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Thread: Canning fish?

  1. #1
    Das HandleMeister apicius9's Avatar
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    Canning fish?

    O.k., I get plenty of fresh fish out here, and I do take advantage as much as I can. But one thing I had discovered years ago was the incredible canned tuna in good olive oil that you get in Spain, and I have to admit to a weakness for good canned tuna. Since I get fesh tuna here for reasonable prices (cheaper than the cans from Spain...), I wanted to give it a try and can some myself. Has anyone done that? The process seems pretty straightforward with a pressure cooker, just wondering what kind of olive oil you use and what kind of additions make it even better - garlic, herbs, peppers? And while we are at it, does it make sense to can any other fish? I haven't seen canned opakapaka or opah before...

    Stefan

  2. #2
    Quote Originally Posted by apicius9 View Post
    O.k., I get plenty of fresh fish out here, and I do take advantage as much as I can. But one thing I had discovered years ago was the incredible canned tuna in good olive oil that you get in Spain, and I have to admit to a weakness for good canned tuna. Since I get fesh tuna here for reasonable prices (cheaper than the cans from Spain...), I wanted to give it a try and can some myself. Has anyone done that? The process seems pretty straightforward with a pressure cooker, just wondering what kind of olive oil you use and what kind of additions make it even better - garlic, herbs, peppers? And while we are at it, does it make sense to can any other fish? I haven't seen canned opakapaka or opah before...

    Stefan
    i always rub the jars with gin in the inside to sterilize and for the taste... you can use the pressure cooker to make life easier, but its pretty straight forward

    i use Sicilian olive oil cause i like the strong flavor and i add salt and a bit of sugar

  3. #3
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    El Pescador's Avatar
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    I get canned blue fin belly in olive oil from my neighbor who's son is a tuna boat captain. It is truly amazing. Eating it gets you closer to God.

    Pesky

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    Senior Member goodchef1's Avatar
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    Hello Stefan,

    Actually, canning foods are not an ideal way to preserve foods. It is done for mass production, transportation, many different temperature changes, etc. etc. New technology out there like sous vide (under-vacuum) would be best to do what you want.

    Tuna is best used because of the firm flesh, which does not break down during long periods of storage, it also keeps its volume. rule of thumb, if you are going to marinade for short periods, you can use herbs, spices, etc. if for much longer periods,do not keep whole pieces in marinade. cold infuse the oil and strain. Whatever flavors you want to impart in the flesh, you can use. So experiment!

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    Quote Originally Posted by goodchef1 View Post
    Actually, canning foods are not an ideal way to preserve foods.
    Hmmm...I'm not so sure about this advice, how long have you been a chef and did you ever spend any time around your Mom or Grandmother when she was harvesting her garden and canning?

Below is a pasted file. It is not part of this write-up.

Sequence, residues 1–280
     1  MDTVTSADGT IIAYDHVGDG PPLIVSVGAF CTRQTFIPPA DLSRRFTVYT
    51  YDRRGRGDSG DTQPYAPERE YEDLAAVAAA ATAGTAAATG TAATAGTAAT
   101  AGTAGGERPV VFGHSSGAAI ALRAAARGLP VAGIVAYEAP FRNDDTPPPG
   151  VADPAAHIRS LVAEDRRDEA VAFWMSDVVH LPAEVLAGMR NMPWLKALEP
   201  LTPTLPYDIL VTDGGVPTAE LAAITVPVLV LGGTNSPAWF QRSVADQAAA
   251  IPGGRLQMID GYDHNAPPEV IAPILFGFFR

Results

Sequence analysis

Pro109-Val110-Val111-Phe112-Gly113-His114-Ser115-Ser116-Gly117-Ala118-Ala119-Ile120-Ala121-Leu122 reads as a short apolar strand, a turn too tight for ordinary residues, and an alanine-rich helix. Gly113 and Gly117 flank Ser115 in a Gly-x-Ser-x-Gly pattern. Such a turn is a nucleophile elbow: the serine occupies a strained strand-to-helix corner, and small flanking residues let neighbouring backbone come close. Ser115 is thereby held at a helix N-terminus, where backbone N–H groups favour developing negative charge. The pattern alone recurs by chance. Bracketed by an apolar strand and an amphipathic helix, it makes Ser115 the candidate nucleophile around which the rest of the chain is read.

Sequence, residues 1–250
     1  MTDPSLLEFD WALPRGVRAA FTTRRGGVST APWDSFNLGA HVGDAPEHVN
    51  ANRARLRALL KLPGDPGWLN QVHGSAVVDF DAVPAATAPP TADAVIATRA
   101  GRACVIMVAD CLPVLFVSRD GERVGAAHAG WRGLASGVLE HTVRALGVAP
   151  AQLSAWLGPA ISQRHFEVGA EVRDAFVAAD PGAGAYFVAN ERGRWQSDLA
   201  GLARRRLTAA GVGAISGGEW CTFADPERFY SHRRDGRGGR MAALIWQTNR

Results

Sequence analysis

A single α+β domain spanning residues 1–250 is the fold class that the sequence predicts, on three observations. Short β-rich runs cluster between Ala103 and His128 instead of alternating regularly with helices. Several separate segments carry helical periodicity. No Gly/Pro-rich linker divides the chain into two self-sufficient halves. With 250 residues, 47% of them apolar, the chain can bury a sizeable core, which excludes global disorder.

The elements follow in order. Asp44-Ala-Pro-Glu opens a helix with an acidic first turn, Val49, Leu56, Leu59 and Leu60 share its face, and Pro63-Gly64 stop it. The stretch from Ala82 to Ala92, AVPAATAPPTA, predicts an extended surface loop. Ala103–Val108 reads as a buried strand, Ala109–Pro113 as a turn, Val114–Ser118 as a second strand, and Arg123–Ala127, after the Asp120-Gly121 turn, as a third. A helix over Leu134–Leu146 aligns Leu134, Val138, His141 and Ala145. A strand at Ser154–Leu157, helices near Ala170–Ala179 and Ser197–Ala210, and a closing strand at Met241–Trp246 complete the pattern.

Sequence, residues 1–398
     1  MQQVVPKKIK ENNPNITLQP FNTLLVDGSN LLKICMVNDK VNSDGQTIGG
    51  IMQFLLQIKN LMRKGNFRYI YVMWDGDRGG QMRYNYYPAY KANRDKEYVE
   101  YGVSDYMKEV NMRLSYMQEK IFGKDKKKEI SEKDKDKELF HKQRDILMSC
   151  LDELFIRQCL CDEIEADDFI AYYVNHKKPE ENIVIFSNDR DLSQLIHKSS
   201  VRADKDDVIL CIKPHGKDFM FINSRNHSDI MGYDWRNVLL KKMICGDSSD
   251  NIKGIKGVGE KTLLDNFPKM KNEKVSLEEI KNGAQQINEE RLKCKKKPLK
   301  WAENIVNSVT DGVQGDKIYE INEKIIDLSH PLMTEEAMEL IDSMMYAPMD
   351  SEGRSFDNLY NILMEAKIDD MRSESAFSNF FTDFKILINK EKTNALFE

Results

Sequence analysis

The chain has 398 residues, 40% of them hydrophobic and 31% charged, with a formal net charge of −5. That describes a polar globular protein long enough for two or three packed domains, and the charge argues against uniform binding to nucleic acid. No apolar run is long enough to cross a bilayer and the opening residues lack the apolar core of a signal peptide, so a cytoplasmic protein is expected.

The kind of canned tuna that Stefan is referring to is an excellent product!

    Stefan, I would recommend that you make an infused olive oil to pack your home-canned tuna in. Put extra virgin olive oil in a sauce pan on low-medium heat and add kosher salt, fresh dill, garlic and crushed chili flakes. About 45 mins should be enough to infuse the oil, then strain it through cheesecloth, cool and use.

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    Quote Originally Posted by goodchef1 View Post
    Hello Stefan,

    Actually, canning foods are not an ideal way to preserve foods. It is done for mass production, transportation, many different temperature changes, etc. etc. New technology out there like sous vide (under-vacuum) would be best to do what you want.

    Tuna is best used because of the firm flesh, which does not break down during long periods of storage, it also keeps its volume. rule of thumb, if you are going to marinade for short periods, you can use herbs, spices, etc. if for much longer periods,do not keep whole pieces in marinade. cold infuse the oil and strain. Whatever flavors you want to impart in the flesh, you can use. So experiment!
    Correct me if I'm wrong, but sous vide does not preserve food, like the canning method does.

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    Quote Originally Posted by andrew h View Post
    correct me if i'm wrong, but sous vide does not preserve food, like the canning method does.
    Exactly!

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    I can pretty extensively (jams/jellies, pickles, stock, etc) but have never tried fish in oil. How is it normally processed, under a pressure cooker? Is the fish canned raw or cooked somehow?

  9. #9
    Quote Originally Posted by sashae View Post
    Is the fish canned raw or cooked somehow?
    I seem to remember that the fish is canned raw and the closed can is cooked. Might be wrong though....

  10. #10
    Quote Originally Posted by Rottman View Post
    I seem to remember that the fish is canned raw and the closed can is cooked. Might be wrong though....
    i've tried both ways... results are similar

    we used to boil it out in a mix of sugar, salt, and water and then can or sometimes just can raw and cook

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